Tuesday, September 14, 2004

I do not like

work. I have no admiration for those described as "hardworking". I do not see work as valuable, in and of itself. Don't want it scribbled even in rain-pervious chalk upon my gravestone. The most I can say about work is just what Queen Elizabeth, when pressed by her people, finally said about Diana. "She was a remarkable woman". I, in front of the TV, hooted with appreciation of her adroit use of English. Diana, she had said, was a woman able-to-be-remarked-about. Nothing more. The queen didn't really give an inch to her subjects. That's about all I can say of work. It worth talking about. The fact that the world is full of folks subscribing to striving is remarkable.

Gotta get stuff done? Well don't forget the old acid test: if you knew you had one day left to live...Some would reach for the vacuum cleaner, others for unpaid bills. First I'd grab C. before he could go off to work. Then, armed with chocolate and coffee, we'd watch the sunrise over the distant hills of Manchester and watch the miniature skyline of Hartford (workplace-to-be-avoided)begin to catch fire. We'd look through our entire photo collection and I'd open the storage boxes that hold all our old T shirts. Touch each one of them just once more. I'd rummage through the box labeled "Ephemera" into which were tossed all the bits of paper that used to be on the fridge, labels from significant bottles of wine, our subway passes from Paris, a verdigrised shower drain salvaged from an old YMCA, a shriveled leather racquetball glove. In the evening, while C. would make his (some would call it remarkable) wonderful pasta and peppers, I'd paint a final picture without plan or direction. It's fascinating to me that I have no idea what this would look like. I suspect that it would contain that shade of periwinkle that is my own natural color. The color of a pack of those French cigarettes, Galois (sp?).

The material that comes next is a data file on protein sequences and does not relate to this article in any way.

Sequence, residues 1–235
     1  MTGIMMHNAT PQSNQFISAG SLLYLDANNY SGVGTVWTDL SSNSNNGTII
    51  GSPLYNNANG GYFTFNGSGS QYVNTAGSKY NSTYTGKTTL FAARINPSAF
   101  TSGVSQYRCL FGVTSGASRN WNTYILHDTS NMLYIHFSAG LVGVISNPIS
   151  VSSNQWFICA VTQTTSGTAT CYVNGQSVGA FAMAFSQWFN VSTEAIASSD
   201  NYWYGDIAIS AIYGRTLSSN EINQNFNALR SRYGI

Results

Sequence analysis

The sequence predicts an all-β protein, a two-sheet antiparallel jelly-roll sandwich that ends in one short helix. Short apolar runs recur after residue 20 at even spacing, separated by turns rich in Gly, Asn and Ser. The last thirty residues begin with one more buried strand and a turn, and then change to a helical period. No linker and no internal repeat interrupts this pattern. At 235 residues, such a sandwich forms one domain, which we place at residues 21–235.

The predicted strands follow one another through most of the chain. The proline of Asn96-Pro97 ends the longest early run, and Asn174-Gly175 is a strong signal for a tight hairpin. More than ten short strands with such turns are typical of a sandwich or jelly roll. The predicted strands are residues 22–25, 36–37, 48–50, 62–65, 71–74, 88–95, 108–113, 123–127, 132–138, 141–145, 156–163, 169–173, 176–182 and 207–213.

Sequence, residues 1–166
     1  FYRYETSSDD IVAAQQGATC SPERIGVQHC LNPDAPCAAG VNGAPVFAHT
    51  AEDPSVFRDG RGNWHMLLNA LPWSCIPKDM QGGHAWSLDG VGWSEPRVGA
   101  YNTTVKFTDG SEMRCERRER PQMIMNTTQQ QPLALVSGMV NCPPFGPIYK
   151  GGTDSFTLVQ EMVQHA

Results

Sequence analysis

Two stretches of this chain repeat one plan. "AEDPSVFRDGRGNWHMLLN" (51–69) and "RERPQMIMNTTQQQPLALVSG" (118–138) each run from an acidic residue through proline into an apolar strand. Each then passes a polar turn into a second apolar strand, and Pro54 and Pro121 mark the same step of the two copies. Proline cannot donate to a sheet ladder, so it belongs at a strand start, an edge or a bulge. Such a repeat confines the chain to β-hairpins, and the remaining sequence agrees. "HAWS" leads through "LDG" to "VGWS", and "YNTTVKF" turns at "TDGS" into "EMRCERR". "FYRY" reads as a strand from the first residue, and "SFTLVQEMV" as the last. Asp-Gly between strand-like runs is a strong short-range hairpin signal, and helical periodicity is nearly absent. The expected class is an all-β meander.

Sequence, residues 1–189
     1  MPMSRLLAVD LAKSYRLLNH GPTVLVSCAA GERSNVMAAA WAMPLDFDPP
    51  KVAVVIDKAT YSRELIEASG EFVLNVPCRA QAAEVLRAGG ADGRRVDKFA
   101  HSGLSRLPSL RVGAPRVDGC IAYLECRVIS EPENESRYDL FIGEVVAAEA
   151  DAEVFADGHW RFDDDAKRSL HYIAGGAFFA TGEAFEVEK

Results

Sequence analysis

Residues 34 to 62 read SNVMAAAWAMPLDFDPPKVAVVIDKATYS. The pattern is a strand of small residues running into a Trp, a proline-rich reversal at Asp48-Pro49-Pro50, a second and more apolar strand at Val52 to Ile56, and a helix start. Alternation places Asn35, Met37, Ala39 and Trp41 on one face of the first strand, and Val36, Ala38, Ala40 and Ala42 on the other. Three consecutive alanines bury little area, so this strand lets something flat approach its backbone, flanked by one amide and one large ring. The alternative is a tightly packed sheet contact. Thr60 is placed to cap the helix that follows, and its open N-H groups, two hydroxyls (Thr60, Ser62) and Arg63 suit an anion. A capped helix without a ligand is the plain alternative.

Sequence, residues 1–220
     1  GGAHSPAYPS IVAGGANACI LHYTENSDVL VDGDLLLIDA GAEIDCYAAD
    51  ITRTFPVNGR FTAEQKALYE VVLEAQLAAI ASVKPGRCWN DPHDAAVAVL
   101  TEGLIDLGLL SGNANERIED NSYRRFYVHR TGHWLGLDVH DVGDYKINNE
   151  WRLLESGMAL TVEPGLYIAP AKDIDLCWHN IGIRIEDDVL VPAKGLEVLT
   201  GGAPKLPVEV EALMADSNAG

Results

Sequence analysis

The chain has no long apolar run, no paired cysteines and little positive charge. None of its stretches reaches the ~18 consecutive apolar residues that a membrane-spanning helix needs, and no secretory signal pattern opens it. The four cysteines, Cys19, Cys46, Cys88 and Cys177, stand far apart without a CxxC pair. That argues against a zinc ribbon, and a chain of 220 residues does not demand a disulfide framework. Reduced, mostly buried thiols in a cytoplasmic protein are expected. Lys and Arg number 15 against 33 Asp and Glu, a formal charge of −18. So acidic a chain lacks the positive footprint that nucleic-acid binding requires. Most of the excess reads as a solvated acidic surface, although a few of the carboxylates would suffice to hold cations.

We'd open a bottle of Shiraz Mourvedre, and then I'd spend the rest of the night doing what I do best: haggling, bargaining and ultimately winning from the clock more time, more days, more wine.

That's the best thing about being a person who plays more than works: I don't have any sense that this will ever end. Workers, on the other hand, always have a sense of the goal and the accomplishment. Work is always terminal, but never over. I've never heard a worker say "That floor could not be cleaner. There is no speck of dirt on it." The most they will say as they hang up the mop is "You could eat off that floor". Well so what? I've put my mouth on some things a lot more suspect in this world of dirt than most of the floors we transgress and I'm no worse for it.

You will excuse me. I've got to get cleaned up and dressed because I am now extremely late for work.

2 comments:

Calliope Terme said...

I have long since eschewed the notion, established by an earlier generation, that whistling while one works gives one a sense of happiness. So I, like Guenevere, ask: what else do the simple folk do?

They dance, they sing, and they ask: what do the royal folk do? So on it goes...

Can't the word be redefined somehow. Let's see, working is the process which, if done well, creates hours of play, time for what's real, ephemera, the sun, the moon, the sea, and folks whom we love and make us laugh.

So eat off the floor with great abandon! It's all a banquet, you know.

farmboyz said...

Thank you Calliope, and be assured, my tongue aches with new slivers delivered daily by the floors of undiscovered places.